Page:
CHARLESTON, S.C.—John Edwards may not be leading in the polls. But, he would like to stress, he is leading on the issues.
“I don’t need to read a poll, I don’t need to see a focus group and I don’t need to see what the other candidates are saying,” said Mr. Edwards, sitting next to his wife in a blue van pulling away from Kitty’s Fine Foods in Charleston. “I know exactly what I would do as president and that’s why I have been leading on these issues. And it is exactly the kind of leadership I will provide as president.”
Mr. Edwards and his campaign are rallying around the idea that he has demonstrated leadership by getting out front early on major issues, advocating “big change” and then almost daring his rivals to follow his example.
He rejects the notion that there’s anything political about it.
“You describe it as if it is some kind of strategic maneuver,” said Mr. Edwards, turning around in his seat to face his questioner. “I’m not waiting for anybody else’s position. I know what my own views are and I’m going to lead on it.”
But he certainly wants to make sure everyone knows it.
During a CNN/YouTube debate of Democratic presidential candidates on the night of July 23, Mr. Edwards said, almost apropos of nothing, “I would challenge every Democrat on this stage today to commit to raising the minimum wage to $9.50 an hour by the year 2012.”
The line drew applause.
On Tuesday afternoon, after a campaign stop about global warming in McClellanville, he again raised the issue of raising the minimum wage. He told reporters that the “inside Washington” types on the debate stage had failed to respond to his call for an increase.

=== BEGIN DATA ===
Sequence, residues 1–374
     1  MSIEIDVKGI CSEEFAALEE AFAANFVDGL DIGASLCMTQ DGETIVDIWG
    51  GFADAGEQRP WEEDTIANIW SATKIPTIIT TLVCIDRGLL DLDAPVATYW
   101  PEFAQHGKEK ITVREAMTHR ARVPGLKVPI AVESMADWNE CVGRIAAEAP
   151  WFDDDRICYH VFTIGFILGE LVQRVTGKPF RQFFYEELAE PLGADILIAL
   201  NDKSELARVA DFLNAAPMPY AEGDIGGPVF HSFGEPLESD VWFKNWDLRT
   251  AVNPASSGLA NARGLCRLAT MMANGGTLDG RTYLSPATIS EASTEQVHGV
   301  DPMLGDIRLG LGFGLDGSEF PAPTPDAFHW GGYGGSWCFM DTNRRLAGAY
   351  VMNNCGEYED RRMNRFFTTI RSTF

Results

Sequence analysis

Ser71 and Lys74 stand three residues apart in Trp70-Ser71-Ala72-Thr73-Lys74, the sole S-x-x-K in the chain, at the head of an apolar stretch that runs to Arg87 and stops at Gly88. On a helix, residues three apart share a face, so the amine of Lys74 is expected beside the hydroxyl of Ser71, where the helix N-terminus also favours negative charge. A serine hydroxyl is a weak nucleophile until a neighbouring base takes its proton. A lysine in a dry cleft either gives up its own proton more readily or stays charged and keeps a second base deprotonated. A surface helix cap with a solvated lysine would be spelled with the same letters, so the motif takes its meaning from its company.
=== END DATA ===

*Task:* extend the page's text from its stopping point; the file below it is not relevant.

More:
“So I’m challenging Senator Clinton and Senator Obama and all the other Democrats” to match him, he said.
He has raced to the fore on other issues as well. His call for Congress to strip the funding for the war in Iraq, which he apologized for voting to authorize in 2002, preceded decisions by Mr. Obama and Mrs. Clinton to abandon their more measured positions on setting a timeline for withdrawal.
Mr. Edwards was the first major candidate this election cycle to deliver a health care plan, which required all Americans to be covered, and to lead a boycott—that the other major candidates eventually joined—against participating in a televised debate on Fox.
He stringently opposed a loophole allowing super-rich hedge fund investors to pay extremely low taxes despite collecting a salary from the New York hedge fund firm Fortress. Mr. Obama and Mrs. Clinton, both major beneficiaries of hedge fund money, soon followed suit.
Whenever Mr. Obama and Mrs. Clinton have offered proposals similar to his, Mr. Edwards seems to have reacted by further sharpening his pitch—and by reminding his audiences of who had been their first.
On the afternoon of July 24, for example, he told a meeting of steel workers in a union hall in Georgetown, S.C., that he had no interest in negotiating with pharmaceutical companies to improve health care.